Student Conducts Summer Research at Johns Hopkins
This summer, Denison University student Jayla Johnson ‘19 was investigating children in India — while she was doing research in Baltimore. Johnson, who hails from Blacklick, Ohio, was conducting research at Johns Hopkins University about the immunization coverage of children in India.
“I was thrilled to be selected for the Diversity Summer Internship at Johns Hopkins University,” said Johnson, who is majoring in anthropology/sociology and women’s and gender studies at Denison. “While I was there I conducted a systematic review on vaccine coverages of children in India under the age of five by reviewing published studies. I read a lot of literature and eventually narrowed my focus to eight pieces that really matched my subject.”
“I examined links between mothers’ education and their children’s immunization status. My findings suggest that higher maternal education leads to an increase of fully immunized children,” she said. “This information could advocate for more educational opportunities for women in India.”
Johnson has a deep understanding of best practices in research. Last year, she worked with Denison Assistant Professor Karen Powell Sears on a semester-long project that addressed gendered health inequities in Newark, Ohio, and she was an intern with the city’s Department of Health.
“Through her research, Jayla developed a program to address food access needs among low- income women. She conducted qualitative research for the project, working with local residents and social service agencies,” said Sears. “Jayla’s previous experience, working as an intern for the Department of Health, provided her with public health experiences that were really valuable for her work on this project.”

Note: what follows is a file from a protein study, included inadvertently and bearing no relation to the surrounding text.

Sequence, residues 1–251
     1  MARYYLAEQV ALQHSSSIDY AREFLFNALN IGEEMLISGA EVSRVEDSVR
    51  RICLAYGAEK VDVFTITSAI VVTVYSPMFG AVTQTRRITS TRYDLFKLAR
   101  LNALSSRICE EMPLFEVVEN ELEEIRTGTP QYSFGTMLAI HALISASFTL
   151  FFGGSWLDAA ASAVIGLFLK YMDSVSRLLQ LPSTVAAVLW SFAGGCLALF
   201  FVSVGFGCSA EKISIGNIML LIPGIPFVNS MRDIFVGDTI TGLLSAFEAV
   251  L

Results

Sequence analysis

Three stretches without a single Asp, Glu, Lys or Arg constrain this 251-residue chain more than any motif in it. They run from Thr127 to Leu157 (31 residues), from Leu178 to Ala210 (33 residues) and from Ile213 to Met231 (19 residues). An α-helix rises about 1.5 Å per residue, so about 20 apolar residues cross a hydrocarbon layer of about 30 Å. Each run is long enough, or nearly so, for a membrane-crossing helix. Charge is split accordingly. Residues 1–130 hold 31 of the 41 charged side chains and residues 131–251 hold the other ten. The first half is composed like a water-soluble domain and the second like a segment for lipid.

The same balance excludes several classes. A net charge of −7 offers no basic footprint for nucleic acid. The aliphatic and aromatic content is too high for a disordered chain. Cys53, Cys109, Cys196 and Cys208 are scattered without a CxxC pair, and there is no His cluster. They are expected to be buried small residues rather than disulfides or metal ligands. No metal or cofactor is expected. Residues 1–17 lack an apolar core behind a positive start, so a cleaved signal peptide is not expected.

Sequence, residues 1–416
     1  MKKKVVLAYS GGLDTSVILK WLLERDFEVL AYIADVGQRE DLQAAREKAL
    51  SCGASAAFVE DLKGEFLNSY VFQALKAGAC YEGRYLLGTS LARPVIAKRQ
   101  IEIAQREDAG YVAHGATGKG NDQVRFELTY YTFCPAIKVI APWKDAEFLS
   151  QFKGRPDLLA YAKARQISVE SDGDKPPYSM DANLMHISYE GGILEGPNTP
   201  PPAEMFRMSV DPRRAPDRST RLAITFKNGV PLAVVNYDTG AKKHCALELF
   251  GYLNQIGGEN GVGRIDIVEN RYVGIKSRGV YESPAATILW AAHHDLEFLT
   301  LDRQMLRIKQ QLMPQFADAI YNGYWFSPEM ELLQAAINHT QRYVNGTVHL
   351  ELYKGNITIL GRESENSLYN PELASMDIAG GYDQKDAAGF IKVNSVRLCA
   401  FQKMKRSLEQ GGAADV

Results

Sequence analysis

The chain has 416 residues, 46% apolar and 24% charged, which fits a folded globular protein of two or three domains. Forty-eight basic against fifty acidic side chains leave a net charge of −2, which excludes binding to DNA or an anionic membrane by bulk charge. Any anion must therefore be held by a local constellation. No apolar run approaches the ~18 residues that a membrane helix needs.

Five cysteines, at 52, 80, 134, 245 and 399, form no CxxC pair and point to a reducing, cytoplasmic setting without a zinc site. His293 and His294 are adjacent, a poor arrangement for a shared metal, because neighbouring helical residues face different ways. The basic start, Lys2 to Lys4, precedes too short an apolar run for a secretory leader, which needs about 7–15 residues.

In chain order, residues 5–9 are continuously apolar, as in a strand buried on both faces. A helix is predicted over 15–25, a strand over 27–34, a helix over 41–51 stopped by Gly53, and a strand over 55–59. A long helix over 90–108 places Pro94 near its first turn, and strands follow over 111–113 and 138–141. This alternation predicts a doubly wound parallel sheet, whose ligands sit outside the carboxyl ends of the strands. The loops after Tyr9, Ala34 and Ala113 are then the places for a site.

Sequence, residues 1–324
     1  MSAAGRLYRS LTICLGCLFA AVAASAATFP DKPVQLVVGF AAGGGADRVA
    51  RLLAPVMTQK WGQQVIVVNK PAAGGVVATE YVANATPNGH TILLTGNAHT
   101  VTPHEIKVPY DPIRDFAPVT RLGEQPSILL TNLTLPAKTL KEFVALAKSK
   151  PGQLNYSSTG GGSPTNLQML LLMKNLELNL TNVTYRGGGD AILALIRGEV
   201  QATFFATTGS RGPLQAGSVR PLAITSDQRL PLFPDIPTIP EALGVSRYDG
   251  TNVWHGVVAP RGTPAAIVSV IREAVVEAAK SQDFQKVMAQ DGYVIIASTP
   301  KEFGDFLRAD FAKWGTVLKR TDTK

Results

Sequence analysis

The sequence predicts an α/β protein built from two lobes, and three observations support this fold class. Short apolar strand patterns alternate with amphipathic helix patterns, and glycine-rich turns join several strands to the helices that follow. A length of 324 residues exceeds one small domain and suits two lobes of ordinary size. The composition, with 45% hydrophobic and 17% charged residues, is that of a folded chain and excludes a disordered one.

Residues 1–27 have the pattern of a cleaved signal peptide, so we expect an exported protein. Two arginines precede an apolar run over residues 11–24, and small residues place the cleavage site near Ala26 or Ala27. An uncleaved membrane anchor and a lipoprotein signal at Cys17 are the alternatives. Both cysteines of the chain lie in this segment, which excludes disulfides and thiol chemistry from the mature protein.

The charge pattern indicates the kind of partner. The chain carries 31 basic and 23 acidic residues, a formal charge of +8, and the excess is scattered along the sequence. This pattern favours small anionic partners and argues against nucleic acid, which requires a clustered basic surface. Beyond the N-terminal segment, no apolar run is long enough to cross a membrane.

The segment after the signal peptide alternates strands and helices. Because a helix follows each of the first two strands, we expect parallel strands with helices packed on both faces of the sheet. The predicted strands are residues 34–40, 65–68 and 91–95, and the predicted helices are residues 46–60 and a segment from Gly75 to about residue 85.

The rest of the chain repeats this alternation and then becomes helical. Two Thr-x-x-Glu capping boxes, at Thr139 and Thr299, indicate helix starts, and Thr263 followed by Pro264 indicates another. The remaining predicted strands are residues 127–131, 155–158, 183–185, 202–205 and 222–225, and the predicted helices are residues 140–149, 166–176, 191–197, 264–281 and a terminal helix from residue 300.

“These projects taught me how to do some really meaningful research, both in the field and quantitatively through data analysis. I learned things through both methods that can be applied to the work I want to do.”
She learned some things about herself, as well.
“I’ve done a lot of presentations in my classroom at Denison,” she said. “Those experiences really prepared me when I presented my work at Johns Hopkins. And I’ve learned that it’s important to advocate for yourself, even with your advisors,” she added. “Other people’s ideas are good, but mine are important too.”
Next year, Johnson hopes to do research either with Denison’s Summer Scholars program or at Columbia. After graduation, she wants to work in public health, doing research or social work to help women and families. “I learned so much through both of these projects,” she said. “The work I do in my majors provides a foundation for understanding society’s influence on people’s actions and behaviors that I was able to apply to my research, and I look forward to future opportunities with projects that integrate research with public and social awareness.”